In 1786, farmers of Western Massachusetts were pushed to the brink. Farmers had received very little compensation for serving in the Revolutionary war and businesses were demanding payment up front for items that could have previously been put on credit or bartered for. The lack of money drove many farms to form under leaders such as Daniel Shays and Luke Day, who would come to revolt against the Articles of the Confederation in what is now known as Shays’ Rebellion. In the end, it took George Washington coming down with men to squash the revolt.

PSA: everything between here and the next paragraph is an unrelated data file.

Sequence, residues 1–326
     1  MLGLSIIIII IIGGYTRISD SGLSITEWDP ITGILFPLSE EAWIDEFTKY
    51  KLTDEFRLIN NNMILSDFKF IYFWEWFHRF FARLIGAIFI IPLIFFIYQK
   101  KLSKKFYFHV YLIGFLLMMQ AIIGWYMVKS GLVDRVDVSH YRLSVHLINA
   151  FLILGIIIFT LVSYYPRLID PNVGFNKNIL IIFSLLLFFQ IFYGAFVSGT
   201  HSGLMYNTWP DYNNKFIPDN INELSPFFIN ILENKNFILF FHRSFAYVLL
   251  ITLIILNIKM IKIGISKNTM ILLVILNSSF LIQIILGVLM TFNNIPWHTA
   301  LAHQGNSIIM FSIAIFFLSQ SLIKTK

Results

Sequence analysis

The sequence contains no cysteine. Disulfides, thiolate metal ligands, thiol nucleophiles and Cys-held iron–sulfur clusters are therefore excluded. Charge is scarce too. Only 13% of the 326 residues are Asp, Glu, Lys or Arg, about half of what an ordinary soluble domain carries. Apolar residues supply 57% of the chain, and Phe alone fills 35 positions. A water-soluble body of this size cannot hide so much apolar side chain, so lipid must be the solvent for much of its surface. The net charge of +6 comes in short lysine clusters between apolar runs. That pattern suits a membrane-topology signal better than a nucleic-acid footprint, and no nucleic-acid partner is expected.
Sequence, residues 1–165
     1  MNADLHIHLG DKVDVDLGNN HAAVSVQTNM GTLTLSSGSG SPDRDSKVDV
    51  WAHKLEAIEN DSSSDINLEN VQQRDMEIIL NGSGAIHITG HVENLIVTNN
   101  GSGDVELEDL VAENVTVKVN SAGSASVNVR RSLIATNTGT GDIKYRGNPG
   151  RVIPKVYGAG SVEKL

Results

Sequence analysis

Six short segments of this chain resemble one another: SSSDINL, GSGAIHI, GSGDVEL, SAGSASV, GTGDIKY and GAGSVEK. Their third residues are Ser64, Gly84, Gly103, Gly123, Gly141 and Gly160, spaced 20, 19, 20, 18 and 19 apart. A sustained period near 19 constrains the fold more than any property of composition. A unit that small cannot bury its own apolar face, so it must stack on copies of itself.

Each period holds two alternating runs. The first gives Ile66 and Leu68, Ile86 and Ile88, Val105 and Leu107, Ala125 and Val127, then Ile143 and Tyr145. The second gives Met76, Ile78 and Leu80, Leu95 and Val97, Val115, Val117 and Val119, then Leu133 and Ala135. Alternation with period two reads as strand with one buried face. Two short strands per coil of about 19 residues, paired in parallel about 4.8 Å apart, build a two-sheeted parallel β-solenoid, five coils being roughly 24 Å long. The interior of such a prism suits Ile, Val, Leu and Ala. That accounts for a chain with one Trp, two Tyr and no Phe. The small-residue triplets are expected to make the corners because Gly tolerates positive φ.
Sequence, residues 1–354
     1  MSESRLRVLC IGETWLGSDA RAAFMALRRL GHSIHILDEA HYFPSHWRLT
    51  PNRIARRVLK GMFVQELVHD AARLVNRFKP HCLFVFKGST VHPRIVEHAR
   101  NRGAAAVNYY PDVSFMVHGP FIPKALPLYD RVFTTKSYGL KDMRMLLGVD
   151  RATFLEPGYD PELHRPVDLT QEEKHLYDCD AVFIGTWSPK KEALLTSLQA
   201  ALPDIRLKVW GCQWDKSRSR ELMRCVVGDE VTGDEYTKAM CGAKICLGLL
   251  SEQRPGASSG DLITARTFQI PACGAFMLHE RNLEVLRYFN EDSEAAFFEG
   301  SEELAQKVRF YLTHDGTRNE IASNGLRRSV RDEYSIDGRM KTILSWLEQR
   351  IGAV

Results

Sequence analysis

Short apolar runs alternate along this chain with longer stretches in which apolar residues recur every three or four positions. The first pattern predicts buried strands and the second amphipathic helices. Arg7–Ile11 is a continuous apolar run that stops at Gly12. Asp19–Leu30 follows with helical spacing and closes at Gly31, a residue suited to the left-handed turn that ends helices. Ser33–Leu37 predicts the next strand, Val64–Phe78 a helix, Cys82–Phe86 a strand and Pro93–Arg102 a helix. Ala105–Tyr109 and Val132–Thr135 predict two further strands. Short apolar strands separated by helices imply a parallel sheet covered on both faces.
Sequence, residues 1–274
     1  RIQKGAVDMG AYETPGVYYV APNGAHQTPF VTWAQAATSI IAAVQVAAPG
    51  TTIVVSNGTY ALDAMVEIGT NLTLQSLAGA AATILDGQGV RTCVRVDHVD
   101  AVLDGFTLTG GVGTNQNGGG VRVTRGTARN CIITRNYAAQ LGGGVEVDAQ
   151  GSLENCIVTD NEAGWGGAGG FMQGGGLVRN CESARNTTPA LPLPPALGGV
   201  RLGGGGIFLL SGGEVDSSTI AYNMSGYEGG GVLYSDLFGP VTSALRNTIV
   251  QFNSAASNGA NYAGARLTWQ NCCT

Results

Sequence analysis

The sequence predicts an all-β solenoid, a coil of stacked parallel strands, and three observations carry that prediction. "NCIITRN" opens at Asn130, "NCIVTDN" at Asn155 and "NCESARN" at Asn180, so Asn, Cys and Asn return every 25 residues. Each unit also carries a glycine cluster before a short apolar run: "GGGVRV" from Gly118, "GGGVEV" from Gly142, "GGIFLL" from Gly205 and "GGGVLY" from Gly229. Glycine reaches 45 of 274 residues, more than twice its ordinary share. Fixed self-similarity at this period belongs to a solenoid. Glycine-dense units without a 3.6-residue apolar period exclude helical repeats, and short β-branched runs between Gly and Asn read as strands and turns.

This rebellion highlighted the weakness of the Articles of the Confederation, in spite of the ostracization of its participants afterwards. Lawmakers began debates for a stronger government that wouldn’t have the same issues as the contemporary Articles of the Confederation. Today, historians recognize that Shays’ Rebellion is directly connected to the formation of the Second Continental Congress. Governor John Hancock pardoned many of the farmers and leaders of the rebellion, but some leaders remained shunned. Daniel Shays, one of the leaders and namesake of the rebellion, moved to Sparta, NY after being pardoned from the $750 bounty placed on his head. When he passed in 1825, he was buried in an unmarked grave. Eventually a section of US Route 202 in Pelham, MA that was built in 1935 was named in his memory.